Native American inmates challenge South Dakota prison tobacco ban in federal lawsuit
SIOUX FALLS, S.D. (AP) _ A Lakota traditional healer is arguing that tobacco is an integral part of Native American religious ceremonies and denying its use is akin to taking away the Bible from a Christian.
Richard Moves Camp testified during a federal trial challenging a South Dakota prison policy banning ceremonial tobacco use. Camp said tobacco has been a central part of prayer for thousands of years. It's traditionally mixed with other botanicals in pipes and smoked to bring peace and harmony and connected to cloth in prayer ties that are burned in fires as a symbol of offering, he said.
Inmates Blaine Brings Plenty and Clayton Creek, members of prison-based Native American Council of Tribes, filed the suit in December 2009 against prison warden Doug Weber, corrections secretary Dennis Kaemingk and attorney general Marty Jackley.
James Moore, attorney for the corrections' officials, said ceremonial tobacco inside the state penitentiary was increasingly abused and inmates had been caught separating it from their pipe mixtures and prayer ties. Moore said the state policy allows other botanicals such as red willow bark to be burned. The state prison system went tobacco-free in 2000 but made an exception for tobacco used in Native American ceremonies.
Catholic, Presbyterian, Lutheran leaders weigh in against tough Arizona immigration law
WASHINGTON (AP) _ Roman Catholic bishops, joined by Presbyterian and Lutheran leaders, are supporting the Justice Department's legal challenge to Arizona's tough immigration law.
The religious groups filed a friend-of-the-court brief Monday in the lawsuit that aims to invalidate the state measure that targets illegal immigrants. A federal judge had issued an injunction keeping many parts of the law from taking effect. The Supreme Court will hear legal arguments surrounding that injunction April 25.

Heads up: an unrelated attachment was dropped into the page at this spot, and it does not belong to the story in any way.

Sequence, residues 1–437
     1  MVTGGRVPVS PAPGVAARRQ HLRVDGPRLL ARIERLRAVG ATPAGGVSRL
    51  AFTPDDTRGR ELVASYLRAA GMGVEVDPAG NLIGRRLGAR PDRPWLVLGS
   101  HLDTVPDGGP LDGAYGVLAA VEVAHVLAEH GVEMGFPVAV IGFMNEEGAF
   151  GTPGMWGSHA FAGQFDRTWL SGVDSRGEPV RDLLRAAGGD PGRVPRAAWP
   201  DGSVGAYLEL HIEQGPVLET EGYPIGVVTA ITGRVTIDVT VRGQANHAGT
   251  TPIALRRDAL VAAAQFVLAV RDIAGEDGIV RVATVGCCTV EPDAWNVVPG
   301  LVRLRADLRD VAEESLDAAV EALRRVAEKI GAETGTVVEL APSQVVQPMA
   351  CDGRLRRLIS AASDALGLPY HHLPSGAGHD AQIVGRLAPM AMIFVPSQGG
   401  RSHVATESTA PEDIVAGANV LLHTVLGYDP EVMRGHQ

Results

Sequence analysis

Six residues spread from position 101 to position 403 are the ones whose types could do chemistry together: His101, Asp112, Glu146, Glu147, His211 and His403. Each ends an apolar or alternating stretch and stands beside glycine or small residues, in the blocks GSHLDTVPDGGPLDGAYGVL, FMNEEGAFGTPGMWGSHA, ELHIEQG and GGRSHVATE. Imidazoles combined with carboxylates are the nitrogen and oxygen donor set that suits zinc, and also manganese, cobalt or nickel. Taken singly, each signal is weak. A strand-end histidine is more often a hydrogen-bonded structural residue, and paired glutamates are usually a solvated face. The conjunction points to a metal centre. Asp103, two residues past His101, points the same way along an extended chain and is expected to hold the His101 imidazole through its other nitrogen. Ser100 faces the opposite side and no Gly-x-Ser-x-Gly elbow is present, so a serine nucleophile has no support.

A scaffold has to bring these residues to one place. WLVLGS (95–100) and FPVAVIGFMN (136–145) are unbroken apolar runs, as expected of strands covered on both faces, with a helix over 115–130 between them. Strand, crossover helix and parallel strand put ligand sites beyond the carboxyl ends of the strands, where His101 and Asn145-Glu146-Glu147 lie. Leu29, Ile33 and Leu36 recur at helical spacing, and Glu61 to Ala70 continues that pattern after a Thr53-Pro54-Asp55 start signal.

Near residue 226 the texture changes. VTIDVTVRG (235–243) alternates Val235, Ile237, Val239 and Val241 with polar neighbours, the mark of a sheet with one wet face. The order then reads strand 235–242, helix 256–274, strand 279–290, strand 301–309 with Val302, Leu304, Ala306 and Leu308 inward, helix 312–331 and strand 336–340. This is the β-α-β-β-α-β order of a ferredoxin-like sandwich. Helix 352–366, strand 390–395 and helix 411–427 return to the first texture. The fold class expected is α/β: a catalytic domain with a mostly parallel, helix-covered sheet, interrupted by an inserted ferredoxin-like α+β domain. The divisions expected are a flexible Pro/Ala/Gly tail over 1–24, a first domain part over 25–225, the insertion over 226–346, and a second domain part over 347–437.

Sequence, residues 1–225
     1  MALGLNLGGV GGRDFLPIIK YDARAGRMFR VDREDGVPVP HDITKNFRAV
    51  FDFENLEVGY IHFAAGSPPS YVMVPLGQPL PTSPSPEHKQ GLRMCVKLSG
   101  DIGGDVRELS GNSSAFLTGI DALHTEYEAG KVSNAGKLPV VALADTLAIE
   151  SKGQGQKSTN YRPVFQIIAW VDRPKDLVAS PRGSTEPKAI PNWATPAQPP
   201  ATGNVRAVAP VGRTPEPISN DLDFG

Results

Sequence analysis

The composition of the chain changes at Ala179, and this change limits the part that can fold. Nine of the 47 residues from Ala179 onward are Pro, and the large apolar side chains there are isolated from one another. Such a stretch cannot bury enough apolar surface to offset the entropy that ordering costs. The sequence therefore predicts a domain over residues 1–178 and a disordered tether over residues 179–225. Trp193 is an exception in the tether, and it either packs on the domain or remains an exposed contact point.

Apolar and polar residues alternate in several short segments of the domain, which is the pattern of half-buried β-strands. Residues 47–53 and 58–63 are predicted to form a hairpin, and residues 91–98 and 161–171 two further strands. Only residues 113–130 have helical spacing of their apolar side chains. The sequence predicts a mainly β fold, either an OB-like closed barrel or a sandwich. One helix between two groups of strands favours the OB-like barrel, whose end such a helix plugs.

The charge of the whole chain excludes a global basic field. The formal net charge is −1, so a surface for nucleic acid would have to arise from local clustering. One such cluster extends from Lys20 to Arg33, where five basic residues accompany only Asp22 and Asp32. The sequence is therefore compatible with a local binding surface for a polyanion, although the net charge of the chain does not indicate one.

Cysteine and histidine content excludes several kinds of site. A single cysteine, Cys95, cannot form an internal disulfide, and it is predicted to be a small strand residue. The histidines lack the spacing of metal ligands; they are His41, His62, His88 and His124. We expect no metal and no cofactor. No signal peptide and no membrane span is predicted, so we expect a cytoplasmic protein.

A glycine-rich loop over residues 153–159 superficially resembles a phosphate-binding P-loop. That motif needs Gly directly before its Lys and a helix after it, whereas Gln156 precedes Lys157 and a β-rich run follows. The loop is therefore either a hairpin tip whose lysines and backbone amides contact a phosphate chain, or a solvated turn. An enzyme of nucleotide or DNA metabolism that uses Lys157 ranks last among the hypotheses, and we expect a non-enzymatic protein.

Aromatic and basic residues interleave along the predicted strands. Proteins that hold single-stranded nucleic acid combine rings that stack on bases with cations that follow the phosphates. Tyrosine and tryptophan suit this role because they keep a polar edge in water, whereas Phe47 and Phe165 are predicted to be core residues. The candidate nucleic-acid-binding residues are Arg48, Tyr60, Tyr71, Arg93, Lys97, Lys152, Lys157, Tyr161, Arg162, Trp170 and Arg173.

The brief was filed on behalf of the U.S. Conference of Catholic Bishops, the Evangelical Lutheran Church in America, the Presbyterian Church (U.S.A.), and Lutheran Immigration and Refugee Service. Attorneys for the religious leaders argue in the brief that the federal government, not the states, controls the nation's immigration laws. A patchwork of state laws could hurt the religious mission to serve immigrants, by essentially criminalizing charity, according to the brief.
South Bend council votes 6-3 for ordinance banning job discrimination against gay, lesbians
SOUTH BEND, Ind. (AP) _ South Bend City Council members have approved an ordinance extending employment and housing discrimination protection to gays and lesbians, with supporters saying the move will improve the city's business prospects.
The council's 6-3 vote early Tuesday came after nearly five hours of debate and public testimony about the proposal. The ordinance exempts churches and other religious organizations, but opponents argue it should also exempt individuals and business owners who believe homosexuality is immoral.
Democratic Mayor Pete Buttigieg told council members he believed the city should join others across the country with similar measures. He said the council's vote was a test of how well Indiana's fourth-largest city handles diversity.